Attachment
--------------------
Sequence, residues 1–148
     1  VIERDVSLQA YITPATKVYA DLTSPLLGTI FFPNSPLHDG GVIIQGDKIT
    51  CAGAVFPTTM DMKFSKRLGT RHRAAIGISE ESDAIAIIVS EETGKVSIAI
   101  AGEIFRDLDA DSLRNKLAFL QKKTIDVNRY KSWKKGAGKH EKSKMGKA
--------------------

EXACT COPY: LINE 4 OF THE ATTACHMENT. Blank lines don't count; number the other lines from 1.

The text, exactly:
   101  AGEIFRDLDA DSLRNKLAFL QKKTIDVNRY KSWKKGAGKH EKSKMGKA